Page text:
Independent Wagga MP Joe McGirr sided with the Coalition to limit the referral of Premier Gladys Berejiklian to the corruption watchdog over claims around the Riverina Conservatorium of Music's $30 million in grants.
The NSW upper house voted on Wednesday to refer Ms Berejiklian to the Independent Commission Against Corruption (ICAC) for her alleged "failure to declare a conflict of interest whilst taking part in the approval of funding...despite her close personal relationship" with former Wagga MP Daryl Maguire.
In the lower house, Dr McGirr voted for a Liberal MP's motion to disagree with the upper house, which was carried.
The referral will still go ahead but ICAC will not be obligated to provide a report in response.
Dr McGirr told Parliament on Wednesday that he would not support the referral after putting his own questions to the conservatorium's board and government officials about how the grants were awarded.
"The development is important for our community, which has worked hard and carefully to make sure it meets the required standards of probity," Dr McGirr said.
"It is therefore unfortunate that the tireless efforts of the board, the community and the staff have been besmirched and undermined by the political discussion on this issue."
In other news
Dr McGirr said the conservatorium was an "outstanding facility in our region and urgently needs that new accommodation" and that community members were now concerned that they had done something wrong.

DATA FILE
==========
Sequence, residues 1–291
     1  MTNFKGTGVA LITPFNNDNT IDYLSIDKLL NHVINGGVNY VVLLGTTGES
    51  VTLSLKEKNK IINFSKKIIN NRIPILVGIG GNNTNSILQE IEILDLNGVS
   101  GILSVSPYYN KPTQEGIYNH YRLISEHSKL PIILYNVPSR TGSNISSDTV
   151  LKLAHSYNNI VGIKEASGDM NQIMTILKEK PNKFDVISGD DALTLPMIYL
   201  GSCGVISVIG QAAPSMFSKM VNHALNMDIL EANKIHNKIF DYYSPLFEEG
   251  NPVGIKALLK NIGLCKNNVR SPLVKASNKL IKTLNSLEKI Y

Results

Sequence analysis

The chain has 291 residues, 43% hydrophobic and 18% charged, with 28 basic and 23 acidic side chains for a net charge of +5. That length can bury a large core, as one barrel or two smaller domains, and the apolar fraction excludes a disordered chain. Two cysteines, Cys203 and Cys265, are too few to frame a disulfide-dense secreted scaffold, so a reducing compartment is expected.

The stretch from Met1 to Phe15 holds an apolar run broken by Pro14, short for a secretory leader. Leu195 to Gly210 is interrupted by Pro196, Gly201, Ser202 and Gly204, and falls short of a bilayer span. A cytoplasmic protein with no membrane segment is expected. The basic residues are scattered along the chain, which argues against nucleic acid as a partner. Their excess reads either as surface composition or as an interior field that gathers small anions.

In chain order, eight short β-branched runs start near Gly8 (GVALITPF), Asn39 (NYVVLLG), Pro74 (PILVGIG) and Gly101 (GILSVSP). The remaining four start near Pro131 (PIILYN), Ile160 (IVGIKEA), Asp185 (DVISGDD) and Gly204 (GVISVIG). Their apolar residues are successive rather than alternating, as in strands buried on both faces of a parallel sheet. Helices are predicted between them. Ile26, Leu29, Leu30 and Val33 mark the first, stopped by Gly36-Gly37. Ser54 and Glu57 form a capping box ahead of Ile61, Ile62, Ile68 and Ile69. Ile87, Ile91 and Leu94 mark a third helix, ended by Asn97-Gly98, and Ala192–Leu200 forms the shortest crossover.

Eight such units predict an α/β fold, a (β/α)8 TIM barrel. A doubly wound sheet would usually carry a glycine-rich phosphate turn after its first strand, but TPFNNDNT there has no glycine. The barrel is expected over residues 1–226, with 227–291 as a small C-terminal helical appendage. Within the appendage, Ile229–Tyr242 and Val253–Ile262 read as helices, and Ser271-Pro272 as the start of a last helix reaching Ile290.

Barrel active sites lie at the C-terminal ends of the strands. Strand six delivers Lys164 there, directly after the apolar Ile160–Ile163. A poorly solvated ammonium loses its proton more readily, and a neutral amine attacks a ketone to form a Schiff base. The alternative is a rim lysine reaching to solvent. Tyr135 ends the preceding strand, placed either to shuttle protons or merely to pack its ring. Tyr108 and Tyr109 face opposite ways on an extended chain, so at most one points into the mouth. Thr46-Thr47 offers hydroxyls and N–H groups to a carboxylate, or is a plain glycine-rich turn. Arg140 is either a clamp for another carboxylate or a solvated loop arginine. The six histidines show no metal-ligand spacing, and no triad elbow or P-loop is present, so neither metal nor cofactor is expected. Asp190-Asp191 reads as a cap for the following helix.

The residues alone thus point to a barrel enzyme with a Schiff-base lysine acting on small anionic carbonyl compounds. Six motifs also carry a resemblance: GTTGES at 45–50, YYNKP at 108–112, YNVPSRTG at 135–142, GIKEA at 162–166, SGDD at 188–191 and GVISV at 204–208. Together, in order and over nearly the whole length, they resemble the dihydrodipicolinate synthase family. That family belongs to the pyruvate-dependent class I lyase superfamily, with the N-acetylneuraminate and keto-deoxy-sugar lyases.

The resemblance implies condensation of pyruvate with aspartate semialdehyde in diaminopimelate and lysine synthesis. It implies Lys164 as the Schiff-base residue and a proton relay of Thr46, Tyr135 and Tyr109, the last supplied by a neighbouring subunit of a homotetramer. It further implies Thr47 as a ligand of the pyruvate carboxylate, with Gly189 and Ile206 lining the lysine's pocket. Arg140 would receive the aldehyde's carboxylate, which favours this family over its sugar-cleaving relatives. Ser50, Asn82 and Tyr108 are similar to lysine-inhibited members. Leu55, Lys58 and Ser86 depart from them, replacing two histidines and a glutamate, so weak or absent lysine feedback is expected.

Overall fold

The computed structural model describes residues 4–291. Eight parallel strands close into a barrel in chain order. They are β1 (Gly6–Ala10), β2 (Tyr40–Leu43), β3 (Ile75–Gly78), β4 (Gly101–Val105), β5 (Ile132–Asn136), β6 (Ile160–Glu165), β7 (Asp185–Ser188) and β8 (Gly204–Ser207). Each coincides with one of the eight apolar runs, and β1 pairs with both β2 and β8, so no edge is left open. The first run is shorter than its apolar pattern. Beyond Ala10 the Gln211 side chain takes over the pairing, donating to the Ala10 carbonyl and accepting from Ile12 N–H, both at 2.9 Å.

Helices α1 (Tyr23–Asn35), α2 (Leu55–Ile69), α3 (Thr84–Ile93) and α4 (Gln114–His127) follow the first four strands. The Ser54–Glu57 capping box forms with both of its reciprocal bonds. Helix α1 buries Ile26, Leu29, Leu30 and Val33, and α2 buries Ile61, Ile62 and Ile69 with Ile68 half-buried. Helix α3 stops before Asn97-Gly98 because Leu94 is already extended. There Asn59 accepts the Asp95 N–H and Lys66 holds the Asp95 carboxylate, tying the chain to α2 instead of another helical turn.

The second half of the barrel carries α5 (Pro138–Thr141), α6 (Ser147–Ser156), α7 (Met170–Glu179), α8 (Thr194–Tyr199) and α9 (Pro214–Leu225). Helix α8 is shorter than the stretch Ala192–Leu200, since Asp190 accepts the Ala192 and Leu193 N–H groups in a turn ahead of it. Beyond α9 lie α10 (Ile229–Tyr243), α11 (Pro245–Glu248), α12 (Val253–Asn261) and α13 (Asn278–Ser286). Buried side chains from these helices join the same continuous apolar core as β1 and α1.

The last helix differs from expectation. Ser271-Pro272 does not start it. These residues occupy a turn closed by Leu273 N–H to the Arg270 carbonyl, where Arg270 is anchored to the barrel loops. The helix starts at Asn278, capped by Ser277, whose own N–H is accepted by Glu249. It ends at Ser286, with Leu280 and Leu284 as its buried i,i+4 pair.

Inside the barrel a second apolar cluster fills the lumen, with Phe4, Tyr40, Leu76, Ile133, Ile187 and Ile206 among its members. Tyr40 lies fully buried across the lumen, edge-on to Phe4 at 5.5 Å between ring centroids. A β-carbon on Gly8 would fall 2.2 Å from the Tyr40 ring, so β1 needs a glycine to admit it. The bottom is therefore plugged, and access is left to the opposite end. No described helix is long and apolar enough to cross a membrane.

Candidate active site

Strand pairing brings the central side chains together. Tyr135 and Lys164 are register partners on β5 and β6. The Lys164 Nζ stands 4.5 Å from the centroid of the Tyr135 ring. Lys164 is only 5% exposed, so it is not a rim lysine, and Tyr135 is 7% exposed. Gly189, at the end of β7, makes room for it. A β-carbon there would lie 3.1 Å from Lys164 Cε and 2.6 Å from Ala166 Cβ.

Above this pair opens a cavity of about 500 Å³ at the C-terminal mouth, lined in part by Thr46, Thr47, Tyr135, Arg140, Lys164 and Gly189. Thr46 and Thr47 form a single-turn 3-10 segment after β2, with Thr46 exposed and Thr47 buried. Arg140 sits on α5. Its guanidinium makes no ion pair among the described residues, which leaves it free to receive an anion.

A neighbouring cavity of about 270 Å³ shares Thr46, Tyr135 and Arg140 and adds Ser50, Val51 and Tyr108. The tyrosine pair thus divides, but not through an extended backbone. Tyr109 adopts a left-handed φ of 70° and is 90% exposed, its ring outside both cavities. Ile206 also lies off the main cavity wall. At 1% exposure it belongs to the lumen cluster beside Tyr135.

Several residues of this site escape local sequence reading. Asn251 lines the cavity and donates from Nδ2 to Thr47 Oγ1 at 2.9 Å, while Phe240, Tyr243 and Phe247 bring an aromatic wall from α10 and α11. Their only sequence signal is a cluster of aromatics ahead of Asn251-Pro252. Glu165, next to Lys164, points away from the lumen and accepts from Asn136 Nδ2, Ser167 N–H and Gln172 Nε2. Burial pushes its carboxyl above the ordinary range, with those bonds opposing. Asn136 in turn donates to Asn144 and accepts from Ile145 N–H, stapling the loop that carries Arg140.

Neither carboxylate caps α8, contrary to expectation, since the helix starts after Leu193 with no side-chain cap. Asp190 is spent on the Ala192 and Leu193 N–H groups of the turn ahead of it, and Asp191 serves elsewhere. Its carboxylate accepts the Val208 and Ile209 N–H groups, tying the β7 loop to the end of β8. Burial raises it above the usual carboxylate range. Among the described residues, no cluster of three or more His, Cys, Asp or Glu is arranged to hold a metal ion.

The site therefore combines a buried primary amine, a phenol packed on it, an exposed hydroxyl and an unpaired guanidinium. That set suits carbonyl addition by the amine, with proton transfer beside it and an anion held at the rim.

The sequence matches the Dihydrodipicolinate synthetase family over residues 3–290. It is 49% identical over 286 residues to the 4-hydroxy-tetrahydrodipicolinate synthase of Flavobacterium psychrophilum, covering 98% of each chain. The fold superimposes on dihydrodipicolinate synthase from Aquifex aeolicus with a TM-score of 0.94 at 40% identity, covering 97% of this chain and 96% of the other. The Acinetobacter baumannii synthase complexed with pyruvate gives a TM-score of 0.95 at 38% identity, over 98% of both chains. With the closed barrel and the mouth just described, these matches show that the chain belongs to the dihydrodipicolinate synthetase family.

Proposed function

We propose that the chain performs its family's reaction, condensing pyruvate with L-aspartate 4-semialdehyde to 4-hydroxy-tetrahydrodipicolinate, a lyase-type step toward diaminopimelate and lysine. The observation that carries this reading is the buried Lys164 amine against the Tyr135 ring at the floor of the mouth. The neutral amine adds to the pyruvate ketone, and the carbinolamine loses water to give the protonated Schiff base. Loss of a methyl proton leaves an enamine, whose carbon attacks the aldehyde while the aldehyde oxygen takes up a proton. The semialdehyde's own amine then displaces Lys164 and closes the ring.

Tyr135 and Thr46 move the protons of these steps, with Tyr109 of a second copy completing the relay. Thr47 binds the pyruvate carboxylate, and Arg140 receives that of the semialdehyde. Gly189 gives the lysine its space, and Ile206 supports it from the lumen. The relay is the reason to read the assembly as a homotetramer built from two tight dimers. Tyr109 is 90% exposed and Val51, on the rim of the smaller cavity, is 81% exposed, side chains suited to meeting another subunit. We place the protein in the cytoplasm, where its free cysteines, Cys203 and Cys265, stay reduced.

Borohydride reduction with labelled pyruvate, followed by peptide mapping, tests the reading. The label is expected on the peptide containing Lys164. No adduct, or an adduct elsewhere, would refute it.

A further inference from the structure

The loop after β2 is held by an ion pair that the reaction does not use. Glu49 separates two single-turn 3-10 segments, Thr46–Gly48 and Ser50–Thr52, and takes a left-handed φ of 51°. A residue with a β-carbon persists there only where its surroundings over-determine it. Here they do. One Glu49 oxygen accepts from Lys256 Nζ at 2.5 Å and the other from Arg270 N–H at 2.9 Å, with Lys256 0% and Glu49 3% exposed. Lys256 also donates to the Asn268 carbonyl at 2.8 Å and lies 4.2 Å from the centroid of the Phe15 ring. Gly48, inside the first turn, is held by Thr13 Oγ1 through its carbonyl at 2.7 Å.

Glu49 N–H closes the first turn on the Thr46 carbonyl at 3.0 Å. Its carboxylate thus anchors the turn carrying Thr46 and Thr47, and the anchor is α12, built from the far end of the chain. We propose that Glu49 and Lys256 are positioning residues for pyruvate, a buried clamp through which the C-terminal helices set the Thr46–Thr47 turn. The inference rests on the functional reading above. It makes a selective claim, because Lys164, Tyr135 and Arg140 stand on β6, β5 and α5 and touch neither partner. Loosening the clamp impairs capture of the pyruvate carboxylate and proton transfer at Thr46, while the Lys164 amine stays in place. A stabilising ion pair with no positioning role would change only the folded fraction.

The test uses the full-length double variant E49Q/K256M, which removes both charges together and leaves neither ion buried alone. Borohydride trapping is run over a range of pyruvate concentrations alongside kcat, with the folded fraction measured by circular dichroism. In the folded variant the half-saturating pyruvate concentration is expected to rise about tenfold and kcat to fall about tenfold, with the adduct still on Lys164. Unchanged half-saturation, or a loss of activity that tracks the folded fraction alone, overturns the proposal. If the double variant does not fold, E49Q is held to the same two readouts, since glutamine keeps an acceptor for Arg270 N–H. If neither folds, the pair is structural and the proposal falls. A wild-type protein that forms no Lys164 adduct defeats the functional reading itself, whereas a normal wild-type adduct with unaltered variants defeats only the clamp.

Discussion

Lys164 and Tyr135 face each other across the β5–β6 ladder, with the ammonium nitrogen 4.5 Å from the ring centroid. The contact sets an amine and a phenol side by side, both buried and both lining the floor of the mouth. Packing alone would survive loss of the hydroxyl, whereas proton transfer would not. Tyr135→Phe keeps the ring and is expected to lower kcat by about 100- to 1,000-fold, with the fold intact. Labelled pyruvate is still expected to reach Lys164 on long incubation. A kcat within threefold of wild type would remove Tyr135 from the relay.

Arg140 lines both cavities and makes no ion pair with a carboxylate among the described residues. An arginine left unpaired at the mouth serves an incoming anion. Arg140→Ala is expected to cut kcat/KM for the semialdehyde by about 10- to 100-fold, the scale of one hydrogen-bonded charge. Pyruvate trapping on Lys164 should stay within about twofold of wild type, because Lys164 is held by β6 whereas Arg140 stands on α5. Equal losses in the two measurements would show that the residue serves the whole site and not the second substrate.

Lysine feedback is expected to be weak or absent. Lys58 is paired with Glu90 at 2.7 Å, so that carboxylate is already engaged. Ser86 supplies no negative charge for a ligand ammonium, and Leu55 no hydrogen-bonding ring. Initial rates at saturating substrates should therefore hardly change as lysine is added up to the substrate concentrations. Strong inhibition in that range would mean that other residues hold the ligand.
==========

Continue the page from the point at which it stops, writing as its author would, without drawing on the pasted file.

Back in March, Dr McGirr voted to refer Ms Berejiklian to ICAC over claims that Mr Maguire had obtained confidential and commercially valuable information about planned motorways in Sydney and Ivanhoe.
Labor and the Greens have targeted the Riverina Conservatorium of Music's grants in parliamentary inquiry and budget estimates hearings since ICAC last year revealed Ms Berejiklian's "close personal relationship" with Mr Maguire.
The Wagga institution had received $10 million to move from the old CSU South Campus site, off Hely Avenue, to a building on Simmons street.
During the 2018 byelection triggered by Mr Maguire's resignation from Parliament after a separate ICAC investigation, the NSW government announced a further $20 million to transform the Simmons Street building into a 300-person music hall and specialised early childhood music education centre.
Conservatorium board chairman Andrew Wallace has previously said the organisation "absolutely" had not done anything wrong and followed government processes in applying for the grants.
Labor was able to pass its ICAC referral motion in the upper house with the support of the Greens, One Nation and the Shooters, Fishers and Farmers Party.
Wagga-based Nationals MLC Wes Fang voted against the ICAC referral.
Lower house Murray MP Helen Dalton voted against the government motion to disagree, telling Parliament that granting Wagga's conservatorium more money than every other regional conservatoria combined "does not pass the pub test".
"We live in a state where an Indigenous child was once jailed for stealing hamburger buns," Ms Dalton said.
"To say we should not investigate the New South Wales Premier over a dubious $20 million investment is insulting."
Liberal Manly MP James Griffin accused the ICAC referral's supporters of "verbal diarrhoea" in the form of "conspiracies, politics and diatribe".
Our journalists work hard to provide local, up-to-date news to the community. This is how you can continue to access our trusted content: